This is usually the part where I introduce you to some negative drive qualities, but aside from my preference for tactile controls there's so little to complain about here, especially with that new transmission. I had expected the adaptive cruise to be a little more assistive on the steering like Mercedes-Benz products, maybe, but that's the only other thing that comes to mind.
The Golf 8 proves it's not enough to just maintain a position as the benchmark for driving in the hatch segment, but to continually move it forward. I pity my European colleagues who won't get to experience this version of the car with a far more driver-friendly automatic. I fear this flash-in-the-pan moment for this car will pass when the 1.5-litre evo engine arrives with a dual-clutch auto, re-introducing its characteristics, likely for the 8.5 facelift.
This version of the Golf then, could be the very peak for everyday drivers, at least as a combustion-only car. Historic indeed.
Tested in 2017, the i30 scored a five-star rating in the ANCAP crash-test results.
Each model includes seven airbags, AEB as part of Hyundai’s Forward Collision-Avoidance Assist driver-assist suite of features that includes pedestrian and cyclist detection, lane-keep and steering assist, lane following assist, adaptive cruise control with full stop/go functionality, driver attention warning and auto high beams.
Additionally, vehicle stability management (stability control and traction control), anti-lock brakes with Emergency Brake Distribution and Brake Assist, hill-start assist, lane-keep assist, driver-attention warning, auto on/off headlights and tyre pressure monitors.
There are also two rear-seat ISOFIX points as well as three top tethers for straps.
Meanwhile, the AEB system operates between 10km/h and 180km/h (other vehicles), with a complete stop possible at speeds of up to 55km/h (stopped vehicle), 80km/h (moving vehicles) and 65km/h (pedestrians and cyclists).
Oddly, only the i30 Elite features Rear Cross Traffic Alert, Blind-Spot Collision warning and Safe Exit Warning (great for not dooring cyclists).
A big selling point of the new Golf is its thoroughly upgraded safety suite which is standard across the whole range.
This includes freeway speed auto emergency braking (AEB) with pedestrian and cyclist detection, lane keep assist with lane departure warning, blind spot monitoring with rear cross-traffic alert, safe exit warning, adaptive cruise control with stop and go function, and a new emergency assist function.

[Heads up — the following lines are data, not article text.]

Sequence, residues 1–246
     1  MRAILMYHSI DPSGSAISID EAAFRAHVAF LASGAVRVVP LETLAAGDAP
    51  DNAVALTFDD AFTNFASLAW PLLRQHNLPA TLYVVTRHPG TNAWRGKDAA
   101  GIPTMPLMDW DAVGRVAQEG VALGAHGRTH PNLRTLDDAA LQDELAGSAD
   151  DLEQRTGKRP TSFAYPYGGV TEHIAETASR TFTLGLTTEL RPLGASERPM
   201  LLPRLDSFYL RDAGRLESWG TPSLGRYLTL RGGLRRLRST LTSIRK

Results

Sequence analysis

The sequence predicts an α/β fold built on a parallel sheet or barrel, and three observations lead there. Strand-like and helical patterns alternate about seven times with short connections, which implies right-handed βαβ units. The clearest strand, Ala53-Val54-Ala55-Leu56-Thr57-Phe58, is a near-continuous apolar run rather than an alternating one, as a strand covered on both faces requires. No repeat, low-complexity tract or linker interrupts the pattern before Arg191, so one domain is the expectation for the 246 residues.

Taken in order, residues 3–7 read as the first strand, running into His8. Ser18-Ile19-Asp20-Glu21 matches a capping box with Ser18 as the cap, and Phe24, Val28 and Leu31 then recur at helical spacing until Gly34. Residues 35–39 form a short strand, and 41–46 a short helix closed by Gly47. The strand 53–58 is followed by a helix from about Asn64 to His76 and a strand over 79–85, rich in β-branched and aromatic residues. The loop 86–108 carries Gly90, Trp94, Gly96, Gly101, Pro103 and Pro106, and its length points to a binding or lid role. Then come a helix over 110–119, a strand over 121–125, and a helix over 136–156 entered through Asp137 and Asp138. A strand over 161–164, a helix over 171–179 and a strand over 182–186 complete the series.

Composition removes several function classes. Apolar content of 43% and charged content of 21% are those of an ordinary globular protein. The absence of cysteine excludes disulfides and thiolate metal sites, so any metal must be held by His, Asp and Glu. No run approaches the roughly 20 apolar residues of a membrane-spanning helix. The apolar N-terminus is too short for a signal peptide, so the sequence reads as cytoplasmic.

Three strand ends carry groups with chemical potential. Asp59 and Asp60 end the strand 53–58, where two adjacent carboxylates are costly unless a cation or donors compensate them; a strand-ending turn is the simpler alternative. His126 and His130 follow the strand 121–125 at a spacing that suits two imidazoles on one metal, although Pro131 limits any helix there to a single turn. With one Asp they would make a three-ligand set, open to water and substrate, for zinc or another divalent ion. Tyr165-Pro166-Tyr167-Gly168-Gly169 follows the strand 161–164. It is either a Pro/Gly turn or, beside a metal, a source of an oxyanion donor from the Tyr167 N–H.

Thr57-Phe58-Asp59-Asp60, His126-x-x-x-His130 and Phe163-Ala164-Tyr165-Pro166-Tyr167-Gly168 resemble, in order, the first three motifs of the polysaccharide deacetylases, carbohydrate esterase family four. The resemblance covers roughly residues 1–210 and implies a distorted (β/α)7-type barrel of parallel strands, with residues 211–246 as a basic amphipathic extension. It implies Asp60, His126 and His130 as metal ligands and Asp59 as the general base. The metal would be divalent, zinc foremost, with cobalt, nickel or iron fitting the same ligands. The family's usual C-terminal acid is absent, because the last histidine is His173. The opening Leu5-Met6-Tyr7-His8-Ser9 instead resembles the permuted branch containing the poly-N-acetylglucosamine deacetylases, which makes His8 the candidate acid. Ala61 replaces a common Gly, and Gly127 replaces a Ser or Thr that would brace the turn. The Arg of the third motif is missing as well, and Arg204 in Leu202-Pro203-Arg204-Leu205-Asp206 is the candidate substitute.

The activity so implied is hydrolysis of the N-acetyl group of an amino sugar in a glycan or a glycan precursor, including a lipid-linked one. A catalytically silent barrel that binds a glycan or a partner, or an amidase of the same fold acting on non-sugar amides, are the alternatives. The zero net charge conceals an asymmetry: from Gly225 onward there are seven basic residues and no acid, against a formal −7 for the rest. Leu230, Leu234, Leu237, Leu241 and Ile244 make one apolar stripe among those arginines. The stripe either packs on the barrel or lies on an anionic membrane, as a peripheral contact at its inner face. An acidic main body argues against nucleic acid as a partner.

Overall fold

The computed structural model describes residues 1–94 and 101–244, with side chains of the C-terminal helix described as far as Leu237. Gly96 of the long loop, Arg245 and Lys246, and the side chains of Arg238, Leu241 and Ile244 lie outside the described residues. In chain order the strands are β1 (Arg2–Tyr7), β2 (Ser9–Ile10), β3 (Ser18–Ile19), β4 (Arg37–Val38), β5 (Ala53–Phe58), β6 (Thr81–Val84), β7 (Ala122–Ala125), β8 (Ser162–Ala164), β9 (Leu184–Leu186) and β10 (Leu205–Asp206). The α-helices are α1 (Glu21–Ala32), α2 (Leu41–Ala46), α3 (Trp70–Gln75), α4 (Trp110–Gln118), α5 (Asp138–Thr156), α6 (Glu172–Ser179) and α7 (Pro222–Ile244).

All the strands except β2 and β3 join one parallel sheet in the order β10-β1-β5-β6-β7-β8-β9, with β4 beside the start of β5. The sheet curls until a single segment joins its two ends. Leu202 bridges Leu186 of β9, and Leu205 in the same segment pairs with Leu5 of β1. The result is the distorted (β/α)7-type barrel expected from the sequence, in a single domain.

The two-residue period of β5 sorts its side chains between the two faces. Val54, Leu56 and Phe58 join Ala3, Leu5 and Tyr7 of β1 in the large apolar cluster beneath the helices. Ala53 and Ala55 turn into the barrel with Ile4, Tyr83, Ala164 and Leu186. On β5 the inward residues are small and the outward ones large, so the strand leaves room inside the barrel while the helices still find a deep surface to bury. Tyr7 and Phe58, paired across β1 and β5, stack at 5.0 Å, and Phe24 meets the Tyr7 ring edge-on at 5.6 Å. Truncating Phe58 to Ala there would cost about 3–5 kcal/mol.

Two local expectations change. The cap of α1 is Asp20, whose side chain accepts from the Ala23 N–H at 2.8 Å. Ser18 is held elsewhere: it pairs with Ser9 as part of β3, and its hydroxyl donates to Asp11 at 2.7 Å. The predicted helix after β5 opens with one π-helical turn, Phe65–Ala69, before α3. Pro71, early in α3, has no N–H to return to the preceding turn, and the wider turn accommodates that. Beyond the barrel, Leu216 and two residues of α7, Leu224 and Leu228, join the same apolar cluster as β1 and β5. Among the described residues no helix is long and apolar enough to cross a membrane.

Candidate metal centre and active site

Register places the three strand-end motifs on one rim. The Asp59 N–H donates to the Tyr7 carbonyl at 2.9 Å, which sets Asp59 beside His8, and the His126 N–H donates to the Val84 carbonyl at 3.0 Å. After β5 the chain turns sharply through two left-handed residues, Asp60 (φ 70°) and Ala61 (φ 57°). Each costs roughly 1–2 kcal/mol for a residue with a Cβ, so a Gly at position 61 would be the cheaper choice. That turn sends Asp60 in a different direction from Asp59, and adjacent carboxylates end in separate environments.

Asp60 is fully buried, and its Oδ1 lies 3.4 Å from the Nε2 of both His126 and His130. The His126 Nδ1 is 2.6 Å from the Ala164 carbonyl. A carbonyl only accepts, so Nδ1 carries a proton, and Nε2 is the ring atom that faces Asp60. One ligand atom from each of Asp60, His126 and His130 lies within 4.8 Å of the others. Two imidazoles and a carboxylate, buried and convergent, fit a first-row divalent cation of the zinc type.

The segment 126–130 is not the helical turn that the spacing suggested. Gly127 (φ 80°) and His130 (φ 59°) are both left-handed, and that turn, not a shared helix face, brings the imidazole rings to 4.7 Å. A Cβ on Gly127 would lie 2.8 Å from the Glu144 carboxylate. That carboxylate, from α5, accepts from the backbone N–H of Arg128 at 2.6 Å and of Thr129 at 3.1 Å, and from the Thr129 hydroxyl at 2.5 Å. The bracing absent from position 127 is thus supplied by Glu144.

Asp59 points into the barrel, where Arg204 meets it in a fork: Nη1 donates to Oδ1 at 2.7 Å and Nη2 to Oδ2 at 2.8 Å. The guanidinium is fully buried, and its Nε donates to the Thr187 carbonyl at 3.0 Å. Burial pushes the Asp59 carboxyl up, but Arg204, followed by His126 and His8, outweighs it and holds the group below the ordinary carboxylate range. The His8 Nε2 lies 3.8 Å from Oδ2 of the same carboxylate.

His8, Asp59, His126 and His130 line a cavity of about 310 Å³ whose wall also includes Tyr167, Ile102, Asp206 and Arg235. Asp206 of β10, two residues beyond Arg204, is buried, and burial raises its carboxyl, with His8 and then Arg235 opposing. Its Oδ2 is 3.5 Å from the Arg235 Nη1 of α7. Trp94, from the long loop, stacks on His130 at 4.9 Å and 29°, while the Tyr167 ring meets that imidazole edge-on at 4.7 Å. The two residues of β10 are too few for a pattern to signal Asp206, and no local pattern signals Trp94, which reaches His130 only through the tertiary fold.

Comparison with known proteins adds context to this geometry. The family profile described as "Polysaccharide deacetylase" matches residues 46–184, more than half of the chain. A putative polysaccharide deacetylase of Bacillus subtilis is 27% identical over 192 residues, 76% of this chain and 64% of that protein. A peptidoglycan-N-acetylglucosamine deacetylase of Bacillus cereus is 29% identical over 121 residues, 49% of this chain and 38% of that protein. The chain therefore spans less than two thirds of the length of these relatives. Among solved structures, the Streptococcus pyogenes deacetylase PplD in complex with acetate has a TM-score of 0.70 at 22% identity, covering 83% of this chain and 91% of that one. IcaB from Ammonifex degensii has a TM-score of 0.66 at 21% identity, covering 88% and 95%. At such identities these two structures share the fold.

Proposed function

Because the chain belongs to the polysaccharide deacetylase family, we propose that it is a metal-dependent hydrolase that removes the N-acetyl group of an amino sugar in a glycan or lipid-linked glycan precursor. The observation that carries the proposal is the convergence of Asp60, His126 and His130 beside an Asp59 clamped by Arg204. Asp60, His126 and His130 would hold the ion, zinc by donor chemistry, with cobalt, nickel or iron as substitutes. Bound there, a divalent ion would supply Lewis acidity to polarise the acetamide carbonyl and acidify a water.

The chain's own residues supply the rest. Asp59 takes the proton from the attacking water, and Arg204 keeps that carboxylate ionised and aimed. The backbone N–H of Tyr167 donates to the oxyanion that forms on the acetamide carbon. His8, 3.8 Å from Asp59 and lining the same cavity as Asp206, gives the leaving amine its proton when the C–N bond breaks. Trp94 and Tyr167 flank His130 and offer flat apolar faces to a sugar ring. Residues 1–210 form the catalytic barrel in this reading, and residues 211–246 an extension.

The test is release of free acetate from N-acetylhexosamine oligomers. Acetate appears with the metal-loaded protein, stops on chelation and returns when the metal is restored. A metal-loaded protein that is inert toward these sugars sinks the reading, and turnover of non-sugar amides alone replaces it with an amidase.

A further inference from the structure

Like most VW Group products, the Golf also features the 'proactive passenger protection system' which pre-tightens seatbelts, cracks open the windows slightly for optimal airbag deployment, and applies the brakes when it detects the possibility of a collision.
This time around the Golf has been augmented to include eight airbags, and the standard array of traction and stability controls are present alongside ISOFIX child seat mounting points on the outboard rear seats, and top-tether mounts across the rear row.
Unsurprisingly with all that kit, the Golf 8 range carries a maximum five-star ANCAP safety rating to the 2019 standards.
Published online, the prices for the N-Line service is $299 for each of the first five annual services, then rises to $495 (year six), $585 (year seven), $370 (year eight), $310 (years nine to 11), $555 (year 12), $310 (year 13) and $585 (year 14) – and then onwards with similar varying numbers on Hyundai’s website right up to 51 years/510,000km service ($275 in 2021 dollars). Seriously!
The Golf range maintains the brand's five year and unlimited kilometre warranty promise with roadside assist. This is competitive with its key rivals, although it doesn't move the envelope forward. A nice addition is the VW 'Care Plans' which allow you to pre-pay for servicing in advance (and bundle it in on finance if you wish).
A three-year plan costs $1200 for the 1.4-litre models, or $1400 for the 2.0-litre GTI, while a five-year plan costs $2100 for 1.4-litre cars or $2450 for the GTI.
If the five-year plan is selected this means an average cost of $420 per year for the life of the warranty for the main range, or $490 per year for the GTI. Not the most affordable we've seen, particularly against rivals with older engines, but not bad considering VW's higher-tech drivetrains.